Fundamentally Speaking

Key Corn, Soybean Areas See Ample Spring Rains

Joel Karlin
By  Joel Karlin , DTN Contributing Analyst
Chart by Joel Karlin, DTN Contributing Analyst

Weather is the number one issue this time of year and recent positive market action is linked to this as ongoing hot and dry conditions impact much of the Eastern Corn Belt while conversely, excess precipitation is seen in many areas of the Western Corn Belt, especially in more northern locales.

Still the fact is that the latest U.S. Drought Monitor report indicates that just 2% of the nation's corn producing area is in any form of drought (D1-D4), down sharply from 36% just three months ago and 57% one year ago and the lowest percent since April 2020.

Similarly, just 1% of the nation's soybean producing area is in any form of drought (D1-D4), down sharply from 33% just three months ago and 51% one year ago and the lowest percent since June 2020.

Really one can say heading into the key part of the growing season is the soil moisture base for the nation's row crops appears among the best in years.

Much of this due to bountiful spring rains (March-May) through most of the top producing states of each, especially in the Upper Midwest.

This chart shows the percent of the 1895-2024 average total March-May precipitation for 2023 and 2024.

Also reported in the figures in yellow rectangles is the end of May 2024 Palmer Drought Severity Index (PDSI) while the figures in the gray ovals is the rank of Mar-May 2024 precipitation from 1895-2024 where 1 is the highest and 129 is the lowest.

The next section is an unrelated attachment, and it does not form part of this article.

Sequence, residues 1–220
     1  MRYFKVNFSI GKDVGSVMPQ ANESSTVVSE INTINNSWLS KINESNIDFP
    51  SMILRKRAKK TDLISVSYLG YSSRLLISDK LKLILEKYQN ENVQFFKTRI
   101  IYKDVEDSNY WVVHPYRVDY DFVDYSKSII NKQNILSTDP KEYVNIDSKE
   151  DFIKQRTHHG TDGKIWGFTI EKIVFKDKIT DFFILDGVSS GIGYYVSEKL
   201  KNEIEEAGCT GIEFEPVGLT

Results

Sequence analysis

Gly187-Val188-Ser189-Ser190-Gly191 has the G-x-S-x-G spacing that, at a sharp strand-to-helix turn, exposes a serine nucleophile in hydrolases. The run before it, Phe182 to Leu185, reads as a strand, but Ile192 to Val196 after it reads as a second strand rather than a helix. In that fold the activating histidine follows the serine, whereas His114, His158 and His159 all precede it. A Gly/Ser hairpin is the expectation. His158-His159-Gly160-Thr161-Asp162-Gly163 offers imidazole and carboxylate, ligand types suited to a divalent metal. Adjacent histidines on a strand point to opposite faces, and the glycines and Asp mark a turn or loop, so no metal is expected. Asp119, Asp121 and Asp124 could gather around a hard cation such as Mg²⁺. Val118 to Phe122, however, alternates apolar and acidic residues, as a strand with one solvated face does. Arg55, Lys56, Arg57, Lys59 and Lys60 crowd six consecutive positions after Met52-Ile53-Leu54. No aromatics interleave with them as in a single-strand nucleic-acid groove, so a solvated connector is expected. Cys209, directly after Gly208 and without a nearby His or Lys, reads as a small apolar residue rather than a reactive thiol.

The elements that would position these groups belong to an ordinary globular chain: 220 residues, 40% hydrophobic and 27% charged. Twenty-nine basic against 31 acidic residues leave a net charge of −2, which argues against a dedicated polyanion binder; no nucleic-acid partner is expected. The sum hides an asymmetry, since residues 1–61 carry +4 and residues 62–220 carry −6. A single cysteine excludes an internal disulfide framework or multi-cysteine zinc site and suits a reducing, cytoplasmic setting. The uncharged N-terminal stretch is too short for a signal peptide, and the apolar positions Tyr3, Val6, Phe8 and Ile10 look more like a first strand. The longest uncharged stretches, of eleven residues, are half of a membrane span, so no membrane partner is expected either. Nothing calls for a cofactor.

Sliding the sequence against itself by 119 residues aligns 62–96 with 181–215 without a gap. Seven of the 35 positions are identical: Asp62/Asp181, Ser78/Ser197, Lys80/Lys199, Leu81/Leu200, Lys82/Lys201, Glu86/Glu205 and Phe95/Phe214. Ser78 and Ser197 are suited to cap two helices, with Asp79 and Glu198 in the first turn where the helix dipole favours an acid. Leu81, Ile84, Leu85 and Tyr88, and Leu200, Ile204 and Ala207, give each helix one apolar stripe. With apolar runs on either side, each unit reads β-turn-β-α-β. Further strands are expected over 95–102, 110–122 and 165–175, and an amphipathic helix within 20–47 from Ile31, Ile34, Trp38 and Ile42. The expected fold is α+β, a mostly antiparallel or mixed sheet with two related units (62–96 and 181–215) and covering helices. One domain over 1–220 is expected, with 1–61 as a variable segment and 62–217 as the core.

First observation is that with the exception of two minor producing states (CO for corn and AK for soybeans), all other states had spring (Mar-May) precipitation this year above levels from the prior year.

Note also that CO and KS were the only two of the top 21 corn or soybean states that had spring precipitation below their normal totals.

Kansas had 31% more precipitation this spring than a year ago but still the 7.19 inches below the 1895-2024 average of 8.11 inches and helps explain why this state has the lowest PDSI of -2.56 as severe to extreme still covers a large swath of western Kansas.

Iowa had the greatest amount of spring precipitation compared to the average at 154% as their Mar-May 2024 total was the fourth greatest since 1895, LA 46% above average, MN 44% over their average with their ninth greatest spring precipitation along with WI at 43% above average and also along with Iowa the fourth highest total since 1895.


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